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    You probably would be better off running both subs off the LFE output (RCA-type connection) from your new receiver. Doing so will send the same signal to both subs. I don't think I've ever heard of anyone running a different sub for the mains and center -- some people run a different sub for their surrounds, but usually people with two subs run the same signal to both.

    The SVS that comes in the 5.1 package has a smaller driver than your Polk, but will likely play lower. Another option would be to upgrade the sub in the package to a PB12-isd or 25-31.
     
  5. Ben Nelson

    Ben Nelson Extra

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    Don't get me wrong, I don't want another sub. I just thought it would be more economical considering all the 5.1 packages they are selling these days. It seems like you get a better deal if you buy one of those packages as oppossed to buying them seperatly.

    And considering that nearly 75% of your audio comes out of the center channel, I thought giving the typically overwhelmed center channel a little help and more extension may be beneficial. I don't want to put another huge sub in the same corner though. I'm afraid two subs in the same corner with the same input may conflict with each other and cancel out some frequences. I guess I was looking for a sub small enough to squeez under my tv or under my couch.

    I just might have to buy speakers seperatly after all. I'd prefer I got the most accurate, best imaging, best soundstage ect ect I can for the money.

    This whole sub on center thing was just something I was exploring as an option.
     
  6. RichardH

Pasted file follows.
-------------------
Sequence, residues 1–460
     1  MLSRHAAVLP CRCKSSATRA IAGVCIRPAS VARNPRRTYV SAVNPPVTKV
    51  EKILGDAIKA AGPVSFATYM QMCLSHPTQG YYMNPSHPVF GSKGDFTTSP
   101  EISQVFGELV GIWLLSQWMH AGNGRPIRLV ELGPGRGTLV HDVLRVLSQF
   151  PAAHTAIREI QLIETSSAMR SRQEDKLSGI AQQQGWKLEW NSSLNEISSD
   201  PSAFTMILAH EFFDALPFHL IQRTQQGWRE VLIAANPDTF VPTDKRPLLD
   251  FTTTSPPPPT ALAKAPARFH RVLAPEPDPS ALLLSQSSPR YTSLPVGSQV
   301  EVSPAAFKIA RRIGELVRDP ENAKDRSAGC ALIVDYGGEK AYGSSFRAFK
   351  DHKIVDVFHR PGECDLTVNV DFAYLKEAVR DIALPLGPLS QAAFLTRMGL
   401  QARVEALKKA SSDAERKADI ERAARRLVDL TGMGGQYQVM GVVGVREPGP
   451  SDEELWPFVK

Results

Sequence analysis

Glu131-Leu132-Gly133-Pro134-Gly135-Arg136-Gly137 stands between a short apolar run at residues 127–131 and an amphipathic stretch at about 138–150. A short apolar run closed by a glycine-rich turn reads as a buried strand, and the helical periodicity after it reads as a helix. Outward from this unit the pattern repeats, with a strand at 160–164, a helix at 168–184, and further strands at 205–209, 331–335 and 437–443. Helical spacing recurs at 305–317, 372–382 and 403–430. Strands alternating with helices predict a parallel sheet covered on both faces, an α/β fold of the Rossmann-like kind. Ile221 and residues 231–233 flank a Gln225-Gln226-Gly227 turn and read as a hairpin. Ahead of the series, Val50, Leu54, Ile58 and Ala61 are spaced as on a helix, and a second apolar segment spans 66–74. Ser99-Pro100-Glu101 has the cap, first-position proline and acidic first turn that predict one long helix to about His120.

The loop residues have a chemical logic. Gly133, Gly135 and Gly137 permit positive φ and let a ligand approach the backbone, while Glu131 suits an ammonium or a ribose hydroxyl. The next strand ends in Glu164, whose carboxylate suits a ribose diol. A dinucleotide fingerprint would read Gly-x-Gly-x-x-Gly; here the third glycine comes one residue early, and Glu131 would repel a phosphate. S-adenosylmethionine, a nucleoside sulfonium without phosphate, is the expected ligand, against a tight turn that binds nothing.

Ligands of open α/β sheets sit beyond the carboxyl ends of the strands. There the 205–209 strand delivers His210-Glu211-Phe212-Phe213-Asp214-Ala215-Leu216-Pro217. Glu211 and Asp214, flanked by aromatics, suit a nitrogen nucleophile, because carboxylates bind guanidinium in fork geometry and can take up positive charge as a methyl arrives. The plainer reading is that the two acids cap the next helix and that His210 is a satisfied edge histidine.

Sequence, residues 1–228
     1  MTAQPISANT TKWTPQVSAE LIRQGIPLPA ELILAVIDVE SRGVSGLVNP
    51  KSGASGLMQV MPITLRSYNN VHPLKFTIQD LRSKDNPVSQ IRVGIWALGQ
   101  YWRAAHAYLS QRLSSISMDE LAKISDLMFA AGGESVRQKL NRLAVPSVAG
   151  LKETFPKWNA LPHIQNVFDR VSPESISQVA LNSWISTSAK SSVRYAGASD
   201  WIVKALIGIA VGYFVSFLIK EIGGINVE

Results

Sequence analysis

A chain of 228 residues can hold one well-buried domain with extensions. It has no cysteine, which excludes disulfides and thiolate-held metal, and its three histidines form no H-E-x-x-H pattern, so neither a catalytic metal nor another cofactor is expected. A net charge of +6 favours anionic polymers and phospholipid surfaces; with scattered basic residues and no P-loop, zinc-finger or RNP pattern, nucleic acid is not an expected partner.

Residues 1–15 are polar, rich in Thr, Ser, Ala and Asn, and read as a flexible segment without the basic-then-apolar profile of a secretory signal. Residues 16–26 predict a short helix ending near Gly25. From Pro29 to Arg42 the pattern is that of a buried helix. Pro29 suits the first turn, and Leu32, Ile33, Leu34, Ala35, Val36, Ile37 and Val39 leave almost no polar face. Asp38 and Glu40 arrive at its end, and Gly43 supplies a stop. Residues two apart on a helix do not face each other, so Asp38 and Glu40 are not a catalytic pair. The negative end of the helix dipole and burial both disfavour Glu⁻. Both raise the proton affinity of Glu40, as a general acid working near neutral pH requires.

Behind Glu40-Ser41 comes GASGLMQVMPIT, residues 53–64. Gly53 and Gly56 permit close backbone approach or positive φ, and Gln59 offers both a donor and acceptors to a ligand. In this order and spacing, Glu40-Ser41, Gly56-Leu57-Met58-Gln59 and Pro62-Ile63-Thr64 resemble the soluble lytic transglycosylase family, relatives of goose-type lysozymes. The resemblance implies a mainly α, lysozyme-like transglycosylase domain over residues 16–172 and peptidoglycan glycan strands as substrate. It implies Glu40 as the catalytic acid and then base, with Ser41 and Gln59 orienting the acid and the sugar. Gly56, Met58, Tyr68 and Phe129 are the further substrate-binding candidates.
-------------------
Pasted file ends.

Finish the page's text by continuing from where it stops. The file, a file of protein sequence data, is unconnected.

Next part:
RichardH Supporting Actor

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    If you have a single sub with more headroom, then your center channel's bass will go there as long as everything's set up properly in the receiver. That will give the center channel "a little help" that you're looking for. Now, if you feel like the center channel is straining (even on small), then you may need more efficient speakers all around and/or more watts behind them.
     
  7. Wayne A. Pflughaupt

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    Don’t. The primary function of the center channel is for dialog. The problem is that too many program sources have way too much bottom EQ’d into the voices, so a center sub is just going to muddy things up.

    By the way, you can do much better than the Polk sub. They don’t get much respect around here. I’d stay away from a 5.1 speaker set because usually their subs aren’t that great. Get a 5.0 and your sub separately.

    Regards,
    Wayne A. Pflughaupt
     
  8. Ben Nelson

    Ben Nelson Extra

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    Really? When I got it, I thought it sounded better than the rest of the subs I listened to in it's price range. It was the only one that seemed to do both movies and music well while others only seemed to be able to one or the other.